I have been studying detectors and image processing in my course lately, and it inspired me to try out an interesting area of amateur astronomy: webcam imaging. The basic idea is to use an inexpensive webcam to take a video of an object, and to then process only the "good" frames from the cheap camera into a quality image. I picked up a Celestron NexImage camera to try this out.
Today was the first day I could see the moon at all since I purchased it. I got in a solid three minutes of observing before the clouds rolled completely over it and began to threaten rain. This meant that I didn't spend any time playing with the settings of the camera. In particular, I ended up shooting at low resolution instead of high res. Just imagine that the image is four times the size... Please remember that these are "first light" results!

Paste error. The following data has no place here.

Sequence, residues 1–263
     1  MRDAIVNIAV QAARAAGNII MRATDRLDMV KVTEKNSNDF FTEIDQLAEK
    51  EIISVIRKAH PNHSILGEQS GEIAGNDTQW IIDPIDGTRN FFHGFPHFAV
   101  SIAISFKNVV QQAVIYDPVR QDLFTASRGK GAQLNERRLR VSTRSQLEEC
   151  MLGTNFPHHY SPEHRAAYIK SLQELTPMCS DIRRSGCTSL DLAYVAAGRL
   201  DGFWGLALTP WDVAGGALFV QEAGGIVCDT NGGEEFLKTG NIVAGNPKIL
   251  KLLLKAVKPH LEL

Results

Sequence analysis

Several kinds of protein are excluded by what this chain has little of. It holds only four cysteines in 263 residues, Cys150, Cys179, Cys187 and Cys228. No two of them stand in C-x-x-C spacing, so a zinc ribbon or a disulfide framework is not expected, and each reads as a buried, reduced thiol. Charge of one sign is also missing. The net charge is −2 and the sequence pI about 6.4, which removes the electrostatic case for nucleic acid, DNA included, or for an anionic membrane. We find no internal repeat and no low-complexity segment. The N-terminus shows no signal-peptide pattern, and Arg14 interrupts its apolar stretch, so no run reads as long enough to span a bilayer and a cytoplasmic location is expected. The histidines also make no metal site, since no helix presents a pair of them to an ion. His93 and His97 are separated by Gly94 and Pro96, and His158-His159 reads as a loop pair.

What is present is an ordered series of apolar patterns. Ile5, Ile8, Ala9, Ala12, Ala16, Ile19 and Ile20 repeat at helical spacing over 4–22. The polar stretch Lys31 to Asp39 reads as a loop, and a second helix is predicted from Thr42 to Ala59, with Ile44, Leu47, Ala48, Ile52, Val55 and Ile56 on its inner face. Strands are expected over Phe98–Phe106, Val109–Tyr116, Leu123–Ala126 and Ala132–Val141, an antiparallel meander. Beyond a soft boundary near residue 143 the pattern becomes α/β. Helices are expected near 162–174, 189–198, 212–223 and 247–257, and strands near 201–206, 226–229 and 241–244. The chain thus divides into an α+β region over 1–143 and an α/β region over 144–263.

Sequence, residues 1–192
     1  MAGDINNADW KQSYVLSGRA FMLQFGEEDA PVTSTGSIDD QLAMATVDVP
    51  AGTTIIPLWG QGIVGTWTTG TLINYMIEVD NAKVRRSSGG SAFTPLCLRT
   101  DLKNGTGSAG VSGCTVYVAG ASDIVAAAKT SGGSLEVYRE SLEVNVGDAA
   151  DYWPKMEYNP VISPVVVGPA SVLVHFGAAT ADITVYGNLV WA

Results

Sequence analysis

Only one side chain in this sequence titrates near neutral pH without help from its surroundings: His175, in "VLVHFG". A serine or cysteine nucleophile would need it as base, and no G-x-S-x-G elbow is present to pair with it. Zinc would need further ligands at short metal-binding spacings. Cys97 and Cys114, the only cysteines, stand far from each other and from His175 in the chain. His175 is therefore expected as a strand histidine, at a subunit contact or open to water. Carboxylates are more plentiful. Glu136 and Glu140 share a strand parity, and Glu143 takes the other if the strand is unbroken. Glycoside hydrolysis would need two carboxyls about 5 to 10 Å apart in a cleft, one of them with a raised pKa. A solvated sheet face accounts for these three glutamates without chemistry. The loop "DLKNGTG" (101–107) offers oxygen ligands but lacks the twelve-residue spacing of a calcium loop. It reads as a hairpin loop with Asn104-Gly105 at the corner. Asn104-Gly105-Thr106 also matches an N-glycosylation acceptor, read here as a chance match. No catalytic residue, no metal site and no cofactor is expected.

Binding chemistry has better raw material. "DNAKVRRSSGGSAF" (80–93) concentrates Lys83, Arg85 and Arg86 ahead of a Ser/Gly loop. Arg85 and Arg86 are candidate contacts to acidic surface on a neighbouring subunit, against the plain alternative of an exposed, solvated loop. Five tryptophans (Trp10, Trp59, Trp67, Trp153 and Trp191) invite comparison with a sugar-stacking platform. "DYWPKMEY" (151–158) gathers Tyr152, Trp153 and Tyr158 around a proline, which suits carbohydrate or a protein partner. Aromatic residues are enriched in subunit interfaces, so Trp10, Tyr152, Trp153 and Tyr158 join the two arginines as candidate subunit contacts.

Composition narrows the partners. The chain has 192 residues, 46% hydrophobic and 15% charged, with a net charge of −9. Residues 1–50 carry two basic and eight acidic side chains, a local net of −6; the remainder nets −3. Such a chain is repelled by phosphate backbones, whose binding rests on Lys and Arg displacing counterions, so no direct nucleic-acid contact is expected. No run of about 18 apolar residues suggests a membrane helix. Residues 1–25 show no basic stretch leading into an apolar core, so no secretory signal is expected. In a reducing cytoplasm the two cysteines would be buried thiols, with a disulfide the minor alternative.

As you can see, there is plenty of work to do! Out of the 700 frames I took, only 20 ended up being good enough for Registax processing (typically, one would want several hundred). I dutifully stacked them anyway, and then applied the wavelets and balanced contrast for good measure. It's a poor quality image, but it's a nice taste of what will be coming in the future!
The two craters near the top are (from left to right) Atlas and Hercules. Near the middle of the image, you can see Cepheus above the slightly-larger Franklin.
The most obvious paths to improvement: Turn up the resolution, and Don't try to shoot through clouds!
Shot at f/12.1 on 2006-04-02 9:00pm EDT. Moon at 4.6 days old. Horrible seeing.